Pentobarbital in food sickens dogs, food maker wants more regulations

Published on
information-circle This article is more than 3 years old

One dog died and others became ill after eating canned food contaminated with pentobarbital.

Joel Sher, the vice president of Illinois-based Evanger’s Dog and Cat Food Company, which his family owns, said a now-former supplier apparently sent his company beef from at least one cow that had been euthanized with pentobarbital. Five Pugs in Washington state showed signs of acute neurologic illness and one of them died after sharing a can of Hunk of Beef Au Jus in late December 2016, leading to a Food and Drug Administration investigation and voluntary recalls for three products in February and March.

Pet food cans

FDA information indicates pentobarbital was detected through tests on the contents of the dead dog’s stomach and unopened cans of the Evanger’s food. The agency also tested another variety of dog food.

“In the course of the investigation, the FDA tested two cans of Against the Grain brand canned Grain Free Pulled Beef with Gravy dog food manufactured in the same facilities as Evanger’s products and using beef from the same supplier: these samples also tested positive for pentobarbital,” FDA information states.

So far this year, the agency has received five complaints, including the Washington report, suggestive of pentobarbital poisoning connected with Evanger's foods. Four were connected with neurologic signs and one with hepatic signs.

FDA officials were investigating four of the complaints using available dog food and veterinary medical records.

No illnesses have been reported in connection with the Against the Grain product.

Sher said he had no way to know his company’s dog food could be contaminated with pentobarbital or that the company should test for its presence.

“We might as well test for radioactivity,” he said.

He said that, while Evanger’s is being held responsible for the contamination, he wants to see regulatory changes that would increase meat suppliers’ responsibility for preventing contamination of animal foods with pentobarbital and other euthanasia chemicals.

He wants federal requirements for clear markings on animal carcasses following euthanasia. He also wants a prohibition on use of those carcasses in any animal foods.

The FDA investigation into the poisonings continued in early March. Because Evanger's is a contract manufacturer for other companies, the agency was trying to determine whether other products were affected.

Agency statements indicate FDA officials have concluded the meat supplier had systems in place to ensure euthanized animals were segregated from carcasses intended for animal food use, and one of the statements notes that salvage facilities that collect animal carcasses also are responsible for segregating carcasses after determining how the animals died. Because pentobarbital residues are unaffected by rendering or canning temperatures and pressures, animals killed with chemical euthanasia substances, including pentobarbital, cannot be used in the manufacture of pet foods.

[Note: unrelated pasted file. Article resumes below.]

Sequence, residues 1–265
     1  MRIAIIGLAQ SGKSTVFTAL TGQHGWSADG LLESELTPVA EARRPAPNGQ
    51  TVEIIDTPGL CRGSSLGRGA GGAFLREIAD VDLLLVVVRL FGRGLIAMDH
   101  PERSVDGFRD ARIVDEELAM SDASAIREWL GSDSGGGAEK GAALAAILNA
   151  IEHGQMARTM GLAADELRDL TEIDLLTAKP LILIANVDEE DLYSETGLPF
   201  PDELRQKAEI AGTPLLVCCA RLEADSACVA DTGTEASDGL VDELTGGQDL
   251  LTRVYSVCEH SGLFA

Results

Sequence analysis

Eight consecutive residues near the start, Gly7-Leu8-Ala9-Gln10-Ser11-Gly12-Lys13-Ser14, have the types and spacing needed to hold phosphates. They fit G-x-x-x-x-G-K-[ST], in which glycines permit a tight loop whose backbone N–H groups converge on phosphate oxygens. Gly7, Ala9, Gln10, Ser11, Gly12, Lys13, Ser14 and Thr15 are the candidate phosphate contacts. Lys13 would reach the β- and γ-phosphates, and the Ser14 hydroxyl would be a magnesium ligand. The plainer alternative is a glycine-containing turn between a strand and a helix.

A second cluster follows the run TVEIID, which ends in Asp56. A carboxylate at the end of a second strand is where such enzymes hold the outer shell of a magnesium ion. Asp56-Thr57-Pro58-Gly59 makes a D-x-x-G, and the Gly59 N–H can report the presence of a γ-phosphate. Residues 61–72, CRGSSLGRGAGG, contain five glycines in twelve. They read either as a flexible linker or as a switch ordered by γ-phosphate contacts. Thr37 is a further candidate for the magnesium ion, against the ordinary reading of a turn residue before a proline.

“There is currently no set tolerance for pentobarbital in pet food and detection of its presence renders the product adulterated,” FDA officials said in one statement.

The FDA also is implementing rules under the Food Safety Modernization Act that will require that manufacturers implement food safety plans, hazard analysis, and hazard minimization controls. The largest firms will need to meet those standards by September 2017, and the smallest by September 2019.

The FDA also published in February a series of observations by inspectors who visited the two Illinois manufacturing plants that produced the recalled products. They include allegations of condensation dripping into open cans of dog food, mold on walls, lack of temperature control, raw meat prepared on unsanitary concrete floors and lumber, and bird infestations. Sher said he had been told he would have more time to respond to the allegations before they were made public, that some of them were untrue or made without full knowledge of the operation, and that the FDA will need to justify any errors published.

The observations in the report do not represent a final determination of whether Evanger’s is complying with laws and regulations, an agency response states. But the agency can publish observation forms when requested or when it anticipates it would receive requests, with redactions to protect confidential information.

The recall affects 12-ounce cans of Evanger's Hunk of Beef with barcodes ending in 20109, Evanger's Braised Beef with barcodes ending in 20107, and Against the Grain Pulled Beef with barcodes ending in 80001. All have expiration dates between December 2019 and January 2021.